HACKENSACK, NJ (CBSNewYork) – Solar panels are still too expensive for most homeowners, but as prices drop many towns expect to see a flood residents looking line their rooftops to capture the sun’s energy.

WCBS 880’s Sean Adams On The Story

Several municipalities are considering regulations.

Hackensack is the latest.

City manager Stephen Lo Iacono says one of the main concerns is aesthetics. Nobody wants to live next door to something that resembles a NASA science experiment.

Another concern is safety.

“We want to be sure that if someone does potentially does install their installation on a residential property, lets say on a roof, that it could withstand the elements, that the home can structurally support the solar installation, that the panel is not going to blow off in the middle of a windstorm or a hurricane,” he told WCBS 880 reporter Sean Adams on Monday.

Nothing is set in stone, but rules might prohibit reflective panels in front yards and require shields for those in side yards.

Towns started taking note after residents complained about PSE&G’s solar panels on utility poles. Some find them unsightly. Towns are looking to strike a balance between green energy and good taste.

What do you think about regulating solar panels? Sound off in the comments section below!

Comments (7)
  1. Sau Sage Fingerz says:

    THIS is why Jersey is consistently the butt of every joke and the laughing stock of the Nation

  2. Smithers says:

    This is ridiculous. As someone who frequently passes the ConocoPhillips Bayway Refinery, I think this article is laughable. The big dirty, ugly refinery is far more of a blight than the almost unnoticeable solar panels. Solar panels are quiet, clean, and let’s face it, rather space-age looking. Every time I see one, I feel happier for living in this exciting transitional time. City manager Stephen Lo Iacono, when claiming that no one wants to live near ” a NASA science experiment” should talk to the thousands of kids who grow up wanting to be astronauts (or the thousands applying to be astronauts today– ).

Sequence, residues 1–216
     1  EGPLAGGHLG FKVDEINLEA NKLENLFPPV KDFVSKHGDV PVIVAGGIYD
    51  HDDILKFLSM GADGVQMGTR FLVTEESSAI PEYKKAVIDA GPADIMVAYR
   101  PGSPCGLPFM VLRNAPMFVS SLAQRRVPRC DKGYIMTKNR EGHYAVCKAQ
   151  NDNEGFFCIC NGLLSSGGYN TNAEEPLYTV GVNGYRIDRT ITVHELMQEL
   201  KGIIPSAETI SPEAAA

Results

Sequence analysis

After all, we can’t all be so fortunate as to live next to an oil refinery–

  3. James D says:

    Doesn’t federal law allowing installation of such panels trump local laws that seek to thwart such?

  4. SunKing says:

    The constant power failures across New Jersey and the slow response times of the utility companies are far far uglier and more dangerous than solar panels on the roof. Who’s kidding whom here? Put a sock in it, oil and gas companies, a big dirty old sock.

  5. Clovis Clodoveo says:

    Los paneles solares instalados en las residencias privadas por los
    inquilinos o dueños, de ninguna manera pueden considerarse una
    molestia para los vecinos, ni mucho menos un peligro para los usuarios.
    En ese sentido, no creo que pueda haber protesta por su instalacion.
    Creo yo, que en todo caso una protesta por una instalacion de paneles
    solares es un acto de envidia.

  6. Warhawk says:

    So aesthetics are the reason why the solar panels are a problem? I can understand the problem with the solar panels on the utility poles – we shouldn’t have utility poles in towns – they just look so ugly. But to complain about solar panels on the roof of a home is just ridiculous, do people really spend that much time looking at the roof?

  7. w. Greene says:

    The municipalities allegiance is to the oil companies, in essence they should be building communites with solor panels to not only lower the price but build a market for the companies that manufacture solar panels.

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